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When Your Child Needs a Tutor

Are you frustrated because your child is struggling with a school subject despite your best efforts to help?

It's easy to get frustrated when you repeatedly explain the same math formula and your child just doesn't seem to get it. You might experience the same feeling when you listen to your child stumble over the same words while reading aloud. Before you know it, your patience has worn thin and you raise your voice in exasperation. Then your child's eyes well up with tears, and everyone feels bad.

If your child needs more help than you can provide, consider hiring a tutor. A good tutor will be able to recognize where your child's problem started and how best to resolve it. Having an outside person help out also prevents your emotions from getting in the way of helping your struggling student.

Here are some important things to consider when hiring a tutor:

  • Explore options for locating qualified tutors. Ask school personnel for references and check with "learning assistance" companies.
  • Choose two or three potential tutors to interview.
  • Develop a list of questions to ask tutor candidates. These questions should focus on their level of expertise and experience, their knowledge of different learning styles and their comfort level with children.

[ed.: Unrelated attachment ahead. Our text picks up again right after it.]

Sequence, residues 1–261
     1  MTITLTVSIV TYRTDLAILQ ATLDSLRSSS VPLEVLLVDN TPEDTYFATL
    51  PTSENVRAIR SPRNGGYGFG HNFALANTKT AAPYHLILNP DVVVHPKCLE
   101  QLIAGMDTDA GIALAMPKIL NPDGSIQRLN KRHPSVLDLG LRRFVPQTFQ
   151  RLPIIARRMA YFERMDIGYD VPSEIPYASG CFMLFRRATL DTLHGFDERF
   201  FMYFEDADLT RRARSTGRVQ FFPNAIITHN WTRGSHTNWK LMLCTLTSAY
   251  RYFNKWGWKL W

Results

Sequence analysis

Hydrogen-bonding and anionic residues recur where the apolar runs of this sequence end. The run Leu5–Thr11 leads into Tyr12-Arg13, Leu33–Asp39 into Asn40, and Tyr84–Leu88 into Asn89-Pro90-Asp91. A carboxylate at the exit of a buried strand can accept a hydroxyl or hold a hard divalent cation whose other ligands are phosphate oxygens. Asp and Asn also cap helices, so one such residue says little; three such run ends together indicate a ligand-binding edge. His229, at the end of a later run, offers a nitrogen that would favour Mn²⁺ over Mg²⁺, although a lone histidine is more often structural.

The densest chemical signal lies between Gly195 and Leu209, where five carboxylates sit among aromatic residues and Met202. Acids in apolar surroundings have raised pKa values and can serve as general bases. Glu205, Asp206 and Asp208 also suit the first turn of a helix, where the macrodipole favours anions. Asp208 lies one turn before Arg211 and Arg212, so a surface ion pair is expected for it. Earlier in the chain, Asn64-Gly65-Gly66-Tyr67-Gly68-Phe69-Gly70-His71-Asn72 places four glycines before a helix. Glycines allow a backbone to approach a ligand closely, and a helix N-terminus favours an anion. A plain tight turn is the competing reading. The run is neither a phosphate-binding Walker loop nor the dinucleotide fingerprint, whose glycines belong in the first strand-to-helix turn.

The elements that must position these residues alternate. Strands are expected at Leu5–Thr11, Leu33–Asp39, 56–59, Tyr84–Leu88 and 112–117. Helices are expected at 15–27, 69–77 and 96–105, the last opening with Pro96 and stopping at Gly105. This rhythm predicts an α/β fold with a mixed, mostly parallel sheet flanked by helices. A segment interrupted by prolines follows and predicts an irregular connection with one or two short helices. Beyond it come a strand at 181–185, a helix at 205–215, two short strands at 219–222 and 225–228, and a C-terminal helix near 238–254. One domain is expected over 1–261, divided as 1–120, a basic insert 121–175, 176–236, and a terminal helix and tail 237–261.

• Interview each tutor individually.
  • Have promising candidates meet your child and observe how they interact.
  • Discuss details of what services you expect the tutor to provide.
  • Meet with school personnel and your child's tutor to develop an education plan for the tutor to follow.

A tutor's abilities, of course, cannot replace the love, affection and support of a parent. Your child still needs to know and try to meet your expectations regarding schoolwork and academic progress. You should continue to check homework assignments, review progress reports and attend parent-teacher conferences. You also can volunteer to help in your child's classroom. Most importantly, provide encouragement and reward your child for his or her classroom successes, big and small.

You want what's best for your child. Combining your support and a tutor's expertise is a great way to help your child meet academic challenges.